BANDERA, Texas – Many would describe Bandera as remote cowboy country, positioned on the edge of the frontier.
So, it comes as no surprise that the town’s name likely stems from the frontier days.
However, as it is with many area towns, no one knows for sure just how it played out.
Take a tour and learn how many of our South Texas towns got their unique names
"It’s an unknown. It’s a mystery,” explained Rebecca Norton, executive director of the Frontier Times Museum.
What is known is that Bandera is named after the scenic Bandera Pass, located north of town on the way to Kerrville.
But first, a little translation is needed.
"Bandera in English means 'flag' or 'banner,'” Norton said.
The pass was identified on maps as early as 1842, but that is where the mystery kicks in. Several theories exist as to how the pass was given its name.
The most likely account, according to Norton, has to do with the battle between Spaniard settlers and the Apaches at the time. The two sides had been at war for many years before opting for peace.
"They came together in a council to form a treaty and a flag was placed on the hill,” Norton said.
The flag became a line of demarcation and perhaps the inspiration for the name Bandera Pass.
"The Apaches would not come south of the hill and they Spaniards would not go north,” Norton said.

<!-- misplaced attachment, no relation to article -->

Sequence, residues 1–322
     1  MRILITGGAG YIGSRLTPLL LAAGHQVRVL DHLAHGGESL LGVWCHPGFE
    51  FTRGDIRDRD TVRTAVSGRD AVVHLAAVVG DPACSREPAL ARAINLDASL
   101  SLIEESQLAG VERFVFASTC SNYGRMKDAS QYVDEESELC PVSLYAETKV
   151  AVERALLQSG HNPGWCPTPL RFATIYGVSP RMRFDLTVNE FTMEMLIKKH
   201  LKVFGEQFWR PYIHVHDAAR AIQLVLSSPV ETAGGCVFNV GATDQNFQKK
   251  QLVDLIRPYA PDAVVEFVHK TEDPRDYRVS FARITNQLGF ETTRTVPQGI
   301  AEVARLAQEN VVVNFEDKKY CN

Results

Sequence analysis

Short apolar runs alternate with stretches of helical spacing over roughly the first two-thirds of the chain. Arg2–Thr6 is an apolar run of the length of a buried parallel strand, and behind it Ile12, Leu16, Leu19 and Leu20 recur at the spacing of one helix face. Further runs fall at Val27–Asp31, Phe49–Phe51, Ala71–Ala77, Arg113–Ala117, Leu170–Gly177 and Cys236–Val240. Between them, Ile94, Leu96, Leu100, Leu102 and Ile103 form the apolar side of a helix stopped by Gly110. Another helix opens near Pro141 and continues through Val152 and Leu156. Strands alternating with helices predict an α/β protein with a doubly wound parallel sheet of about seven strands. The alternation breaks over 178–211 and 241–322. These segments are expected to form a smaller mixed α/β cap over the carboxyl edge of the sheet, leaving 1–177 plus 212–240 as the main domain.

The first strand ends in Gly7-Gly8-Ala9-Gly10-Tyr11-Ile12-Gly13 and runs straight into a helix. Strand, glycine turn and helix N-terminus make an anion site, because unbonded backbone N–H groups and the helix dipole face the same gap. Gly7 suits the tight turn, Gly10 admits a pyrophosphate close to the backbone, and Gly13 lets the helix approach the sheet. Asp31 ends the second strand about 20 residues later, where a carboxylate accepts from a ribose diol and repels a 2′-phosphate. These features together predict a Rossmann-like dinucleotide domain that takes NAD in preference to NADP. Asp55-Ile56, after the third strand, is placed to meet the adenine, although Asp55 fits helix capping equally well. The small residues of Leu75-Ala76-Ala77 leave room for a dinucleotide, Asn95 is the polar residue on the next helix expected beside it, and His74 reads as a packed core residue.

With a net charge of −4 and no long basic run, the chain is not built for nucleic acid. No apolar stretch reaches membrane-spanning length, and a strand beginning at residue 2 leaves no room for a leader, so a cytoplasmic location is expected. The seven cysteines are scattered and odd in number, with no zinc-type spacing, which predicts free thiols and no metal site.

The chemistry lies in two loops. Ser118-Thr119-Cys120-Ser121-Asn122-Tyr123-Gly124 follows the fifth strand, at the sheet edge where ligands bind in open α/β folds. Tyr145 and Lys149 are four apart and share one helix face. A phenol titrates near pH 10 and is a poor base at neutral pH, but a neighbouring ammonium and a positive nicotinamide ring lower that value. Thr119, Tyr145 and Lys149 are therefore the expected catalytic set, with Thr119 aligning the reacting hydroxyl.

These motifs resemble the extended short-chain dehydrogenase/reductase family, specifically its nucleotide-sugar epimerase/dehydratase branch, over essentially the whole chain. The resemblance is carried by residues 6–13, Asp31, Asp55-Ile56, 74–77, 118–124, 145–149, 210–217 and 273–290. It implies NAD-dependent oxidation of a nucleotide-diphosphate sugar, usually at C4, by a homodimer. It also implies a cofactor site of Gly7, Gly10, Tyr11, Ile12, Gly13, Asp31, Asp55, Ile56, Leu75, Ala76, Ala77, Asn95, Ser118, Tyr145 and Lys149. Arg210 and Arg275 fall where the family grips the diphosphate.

The story behind the town’s name is fascinating, but that is not where Bandera’s colorful history ends.
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Norton said several legends have floated around with ties to the town, including a story of a young, dapper teacher who arrived in the 1870s.
"Legend had it that it was actually John Wilkes Booth,” Norton said. “He had survived and was able to escape after assassinating President Lincoln and settled here in Bandera.”
Meanwhile, in the Frontier Times Museum, you can find an abandoned bank safe. The safe was robbed in a Bandera bank robbery in the 1930s.
"They were able to blow a hole in the top of the safe, grab all of the money, but they only left $1,” said Norton.
The crafty thieves were never caught, leading to speculation.
“I’m almost sure it was the Newton Boys,” Norton said, referencing a famed South Texas outlaw gang in the 1920s about which a 1998 movie starring Matthew McConaughey was made.
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